citizen scientists coverCitizen Scientists : Be a Part of Scientific Discovery From Your Own Backyard by Loree Griffin Burns
Recommended for: Grades 3 and up

Dr. Loree Burns defines citizen science as the “study of our world by the people who live in it. All men, women and children, who use their 5 senses and smarts to understand this world, can be citizen scientists.” She especially welcomes children who are just the right height, have active five senses, and strong focus. Her explorations (and chapters) are Fall Butterflying, Winter Birding, Spring Frogging and Summer Ladybugging. In the butterfly section, she explains the capture and tagging process from 1952 -75 that enabled scientists to know where the monarchs went in winter. She cites the successful work of 2 contemporary children who help with current data from their respective homes in America and Mexico; she tags monarchs and he counts them.  At the family fun-level, she provides notes on preparation for any nature walk.  The accompanying photography is exquisite.

Reviewed by: Mrs. Wettergreen

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The Great Molasses Flood : Boston, 1919

great molasses flood coverThe Great Molasses Flood : Boston, 1919 by Deborah Kops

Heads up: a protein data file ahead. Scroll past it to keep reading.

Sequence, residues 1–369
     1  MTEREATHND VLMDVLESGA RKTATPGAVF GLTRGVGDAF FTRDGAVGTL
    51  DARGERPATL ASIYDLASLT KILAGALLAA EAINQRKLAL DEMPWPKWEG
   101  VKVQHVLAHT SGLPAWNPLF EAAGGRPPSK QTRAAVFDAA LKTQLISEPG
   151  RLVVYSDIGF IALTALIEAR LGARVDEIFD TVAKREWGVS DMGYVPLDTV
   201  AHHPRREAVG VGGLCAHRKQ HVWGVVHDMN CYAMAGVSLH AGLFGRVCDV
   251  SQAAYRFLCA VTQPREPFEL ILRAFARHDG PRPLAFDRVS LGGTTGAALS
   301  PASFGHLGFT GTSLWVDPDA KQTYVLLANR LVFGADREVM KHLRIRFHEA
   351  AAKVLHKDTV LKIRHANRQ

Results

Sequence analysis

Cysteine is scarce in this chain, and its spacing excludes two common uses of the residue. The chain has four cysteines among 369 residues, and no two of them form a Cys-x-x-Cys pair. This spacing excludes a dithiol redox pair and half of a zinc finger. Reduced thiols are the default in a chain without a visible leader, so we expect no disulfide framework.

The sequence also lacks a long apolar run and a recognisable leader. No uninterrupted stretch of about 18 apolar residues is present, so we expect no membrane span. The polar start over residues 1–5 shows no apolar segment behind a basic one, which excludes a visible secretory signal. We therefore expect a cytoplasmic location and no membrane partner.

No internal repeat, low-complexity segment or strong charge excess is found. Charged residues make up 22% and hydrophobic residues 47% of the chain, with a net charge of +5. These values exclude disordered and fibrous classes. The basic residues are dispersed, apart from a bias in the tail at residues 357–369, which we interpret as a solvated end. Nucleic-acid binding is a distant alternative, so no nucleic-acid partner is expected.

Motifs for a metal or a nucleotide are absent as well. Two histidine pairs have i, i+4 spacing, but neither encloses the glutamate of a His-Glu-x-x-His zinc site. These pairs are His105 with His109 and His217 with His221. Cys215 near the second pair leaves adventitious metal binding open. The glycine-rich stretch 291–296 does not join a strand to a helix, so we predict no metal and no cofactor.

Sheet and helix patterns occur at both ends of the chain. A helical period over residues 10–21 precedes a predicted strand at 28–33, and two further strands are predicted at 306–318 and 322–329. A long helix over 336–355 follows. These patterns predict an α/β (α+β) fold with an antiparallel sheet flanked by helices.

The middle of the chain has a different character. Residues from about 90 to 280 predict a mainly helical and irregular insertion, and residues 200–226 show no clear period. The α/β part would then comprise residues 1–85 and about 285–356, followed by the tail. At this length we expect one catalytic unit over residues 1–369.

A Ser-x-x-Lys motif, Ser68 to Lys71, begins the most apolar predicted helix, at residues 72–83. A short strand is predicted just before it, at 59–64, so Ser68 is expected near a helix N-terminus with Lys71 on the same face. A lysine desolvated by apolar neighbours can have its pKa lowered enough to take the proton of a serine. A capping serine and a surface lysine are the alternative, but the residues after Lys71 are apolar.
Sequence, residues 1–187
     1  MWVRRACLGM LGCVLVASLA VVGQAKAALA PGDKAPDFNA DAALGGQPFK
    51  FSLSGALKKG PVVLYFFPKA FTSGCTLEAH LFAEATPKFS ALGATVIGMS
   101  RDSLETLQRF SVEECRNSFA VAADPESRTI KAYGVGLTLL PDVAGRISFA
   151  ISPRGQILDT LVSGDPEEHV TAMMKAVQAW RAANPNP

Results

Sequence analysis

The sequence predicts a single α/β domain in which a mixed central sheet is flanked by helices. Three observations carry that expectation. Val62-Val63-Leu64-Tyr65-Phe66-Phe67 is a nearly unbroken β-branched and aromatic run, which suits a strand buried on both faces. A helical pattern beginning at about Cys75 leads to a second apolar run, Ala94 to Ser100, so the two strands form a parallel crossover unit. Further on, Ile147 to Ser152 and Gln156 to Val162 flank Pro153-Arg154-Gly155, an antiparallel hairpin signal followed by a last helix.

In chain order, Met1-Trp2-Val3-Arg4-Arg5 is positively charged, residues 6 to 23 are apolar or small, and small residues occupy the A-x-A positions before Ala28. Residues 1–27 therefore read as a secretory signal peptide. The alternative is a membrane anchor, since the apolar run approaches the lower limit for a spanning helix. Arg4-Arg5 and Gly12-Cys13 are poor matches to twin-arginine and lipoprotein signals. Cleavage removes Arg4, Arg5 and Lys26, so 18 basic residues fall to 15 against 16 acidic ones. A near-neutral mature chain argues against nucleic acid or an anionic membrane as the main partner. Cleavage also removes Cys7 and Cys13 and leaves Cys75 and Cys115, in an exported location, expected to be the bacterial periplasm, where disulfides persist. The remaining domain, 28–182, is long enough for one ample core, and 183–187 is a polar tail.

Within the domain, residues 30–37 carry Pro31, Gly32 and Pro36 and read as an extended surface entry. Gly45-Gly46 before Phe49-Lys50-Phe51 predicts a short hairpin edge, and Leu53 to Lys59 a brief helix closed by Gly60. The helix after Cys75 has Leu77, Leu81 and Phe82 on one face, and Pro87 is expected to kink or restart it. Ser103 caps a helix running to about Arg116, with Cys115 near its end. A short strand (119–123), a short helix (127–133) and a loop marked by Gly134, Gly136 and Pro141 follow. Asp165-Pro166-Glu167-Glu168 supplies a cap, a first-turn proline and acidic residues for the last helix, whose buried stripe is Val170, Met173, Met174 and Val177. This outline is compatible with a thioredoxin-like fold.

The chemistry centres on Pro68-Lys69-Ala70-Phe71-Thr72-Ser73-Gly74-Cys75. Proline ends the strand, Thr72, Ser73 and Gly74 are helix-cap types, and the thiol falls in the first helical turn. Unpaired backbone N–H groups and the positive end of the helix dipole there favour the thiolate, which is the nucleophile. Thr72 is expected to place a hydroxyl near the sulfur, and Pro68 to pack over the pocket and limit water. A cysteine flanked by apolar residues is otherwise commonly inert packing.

Recommended for: Grades 4 and up

Did you know that in 1919, a huge tank of molasses exploded and flooded Boston’s North End neighborhood? You can learn all about this fascinating historical event in this beautifully packaged nonfiction book. It includes exceptional photos and research, a detailed map, and primary source materials. The author guides the reader through the fateful day, and the court case that ensued over who was to blame for the deaths, injuries and massive destruction. A very interesting read!
If you want to read fictionalized stories about the flood, check out A Place for Joey and The Trouble with Jeremy Chance.

Reviewed by: Mrs. Wettergreen

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The Mighty Mars Rovers: the incredible adventures of Spirit and Opportunity

Mighty Mars Rovers coverThe Mighty Mars Rovers: the incredible adventures of Spirit and Opportunity by Elizabeth Rusch
Recommended for: Grades 4 and up

Are you a curious kid who loves to explore, play with LEGOs, and build rockets and robots? Steve Squyres was a kid like that, and he grew up to become a Professor of Astronomy at Cornell. Steve pursued NASA for 8 years to accept his Rover project. This book chronicles his journey, the creation of his team, and the remarkable triumphs of the twin Mars Rovers, Spirit and Opportunity. It is interesting to know that NASA held a naming contest which was won by a 9-year old girl, born in Siberia and adopted by a family in Arizona. She was thankful for the ‘Spirit’ and ‘Opportunity’ provided by America. This book reads like a suspense novel, and reminded me of an Indiana Jones movie; it is filled with anxiety (deadlines, lost contacts) and accomplishment (a quarter million photos, signs of water). Opportunity is still operating, joined this summer by Curiosity.

Reviewed by: Mrs. Wettergreen

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Mrs. Harkness and the Panda by Alicia Potter

Mrs Harkness coverMrs. Harkness and the Panda by Alicia Potter, illustrated by Melissa Sweet
Recommended for: All ages